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Thursday, 11 November 1948

Mr TURNBULL - How long has price control been lifted?

Mr DALY - It does not matter how long price control has been lifted. As honorable members know, prices are spiralling out of all proportion to what they were when price control was administered by this Government. It is significant that when these facts are being put plainly, organized efforts are made by the Opposition to put speakers off their thoughts, and to try to stifle comment. However, I do not mind reiterating the facts. Whilst the Opposition does not like my approach to the problem, I must say that I was amused by the efforts of honorable members opposite to pass on to this Government the responsibility for the rise that has taken place in building costs. The full responsibility for the rising costs of building materials and other commodities, for- evictions, and for troubles associated with emergency accommodation, rests on the honorable members who sit opposite in this Parliament.

Mr McDonald - What about the introduction of the 40-hour week?

Mr DALY - Despite organized opposion by honorable members opposite over the years to hinder this Government in its efforts to solve this national problem, the record of anti-Labour governments in pre-war years was a sorry one indeed. Following the ratification of the Commonwealth and State Housing Agreement not long ago, this Government has been responsible for breaking all records in Australia for the construction of dwellings. Between 1945-46 and 1947-48, over 91,000 new houses were completed in this country. The Commonwealth and State Housing Agreement commenced to operate in 1945. By the 30th September of this year, under that agreement, approximately 17,000 dwellings were erected. The figures rose from 4,887 in 1946-47 to 6,370 in 1947-48. Those figures show the efforts that are being made by this Government, acting in cooperation with the State governments, to solve the housing problem.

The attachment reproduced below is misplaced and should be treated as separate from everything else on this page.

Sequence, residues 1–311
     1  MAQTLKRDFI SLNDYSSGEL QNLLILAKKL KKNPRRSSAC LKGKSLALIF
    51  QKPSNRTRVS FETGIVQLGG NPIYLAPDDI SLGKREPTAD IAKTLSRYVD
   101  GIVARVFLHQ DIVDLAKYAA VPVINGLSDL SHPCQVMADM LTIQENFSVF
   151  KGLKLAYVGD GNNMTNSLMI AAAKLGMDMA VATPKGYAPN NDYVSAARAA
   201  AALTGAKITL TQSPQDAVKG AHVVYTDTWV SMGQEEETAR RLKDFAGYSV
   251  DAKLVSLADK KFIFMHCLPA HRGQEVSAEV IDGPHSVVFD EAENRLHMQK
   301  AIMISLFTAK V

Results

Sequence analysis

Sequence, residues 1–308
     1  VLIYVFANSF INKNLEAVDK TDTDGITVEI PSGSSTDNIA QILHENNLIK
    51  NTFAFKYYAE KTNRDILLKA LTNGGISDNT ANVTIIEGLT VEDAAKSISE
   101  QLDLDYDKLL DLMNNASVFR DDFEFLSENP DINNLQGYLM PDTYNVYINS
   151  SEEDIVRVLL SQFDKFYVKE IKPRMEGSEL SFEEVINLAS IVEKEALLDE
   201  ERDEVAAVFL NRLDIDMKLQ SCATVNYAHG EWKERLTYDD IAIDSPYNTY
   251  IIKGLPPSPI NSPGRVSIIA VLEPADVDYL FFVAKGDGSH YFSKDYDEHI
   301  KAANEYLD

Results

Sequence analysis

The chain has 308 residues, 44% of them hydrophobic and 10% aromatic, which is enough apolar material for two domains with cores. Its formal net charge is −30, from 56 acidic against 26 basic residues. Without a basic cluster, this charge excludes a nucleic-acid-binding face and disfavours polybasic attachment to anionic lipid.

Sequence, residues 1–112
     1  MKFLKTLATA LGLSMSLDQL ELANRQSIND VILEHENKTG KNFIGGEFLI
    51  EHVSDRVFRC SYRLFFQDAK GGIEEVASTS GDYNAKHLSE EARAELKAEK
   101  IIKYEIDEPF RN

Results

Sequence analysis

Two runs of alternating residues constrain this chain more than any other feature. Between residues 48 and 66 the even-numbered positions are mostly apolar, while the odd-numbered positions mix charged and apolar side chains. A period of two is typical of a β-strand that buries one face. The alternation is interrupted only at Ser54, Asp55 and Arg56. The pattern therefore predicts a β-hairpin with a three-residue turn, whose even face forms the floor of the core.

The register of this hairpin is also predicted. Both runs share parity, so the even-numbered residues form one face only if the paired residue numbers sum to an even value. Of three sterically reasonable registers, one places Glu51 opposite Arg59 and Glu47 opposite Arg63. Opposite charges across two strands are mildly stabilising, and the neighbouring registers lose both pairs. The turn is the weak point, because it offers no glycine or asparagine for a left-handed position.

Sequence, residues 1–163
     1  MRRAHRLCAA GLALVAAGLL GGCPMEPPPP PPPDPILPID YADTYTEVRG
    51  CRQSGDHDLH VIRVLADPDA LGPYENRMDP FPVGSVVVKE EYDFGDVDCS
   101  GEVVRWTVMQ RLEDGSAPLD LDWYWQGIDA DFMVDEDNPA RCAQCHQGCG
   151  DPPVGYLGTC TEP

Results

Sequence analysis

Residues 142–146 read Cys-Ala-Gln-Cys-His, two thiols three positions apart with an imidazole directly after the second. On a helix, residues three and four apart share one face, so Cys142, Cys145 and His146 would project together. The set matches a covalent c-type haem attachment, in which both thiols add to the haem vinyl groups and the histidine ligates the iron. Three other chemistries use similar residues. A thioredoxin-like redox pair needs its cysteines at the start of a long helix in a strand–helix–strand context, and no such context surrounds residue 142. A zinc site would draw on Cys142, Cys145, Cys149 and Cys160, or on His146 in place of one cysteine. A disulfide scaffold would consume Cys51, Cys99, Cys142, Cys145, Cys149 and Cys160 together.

In New South Wales and other States, the people now look to the Government to provide them with houses; In the year.1 before the war, no requests were made to1 the Australian Government or State governments to provide houses for the people. Economic conditions forced young couples to live in the homesof their parents, for they could not afford to rent houses of their own. The position, to-day is entirely different. The policy that was pursued in pre-war years by th*1 anti-Labour parties in the Commonwealth and State Parliaments did not provide for the housing of the people, but now the people realize that their capacity to purchase or rent homes depends in the main upon the activities of the Australian Government and- the State governments. Acting in co-operation with the State governments, this Government has caused thousands of houses to be built throughout Australia. A. system of rental rebates has been instituted, which is something that- was noi thought of by honorable members opposite. It has afforded great relief to many people in the lower income groups, because under it they can afford to occupy adequate and proper accommodation. Throughout the metropolitan area of Sydney, thousands of homes have been erected and are now occupied by happy families in the true Australian fashion.

The Government has been subjected to much criticism by the press in relation to housing. From time to time ballots are conducted in New South Wales for houses built by government enterprise, but the newspapers do not publish the results of those ballots so that people who are sorely in need of a home may know whether they have been successful in obtaining one and when they may occupy it. Some people are prepared to criticize the Government, but are not prepared to offer constructive criticism or to make a practical effort to solve the housing problem. . They content themselves with decrying the efforts of the Commonwealth and the States. I felt that it was necessary to make a few remarks on this subject, and the reactions of honorable members opposite show that even they realize the truth of what I have said. I congratulate the Australian and State governments on their efforts to solve our bousing problem, and I look forward to a continuance of the present progressive housing policy. I trust that the housing target will he achieved and eventually passed.

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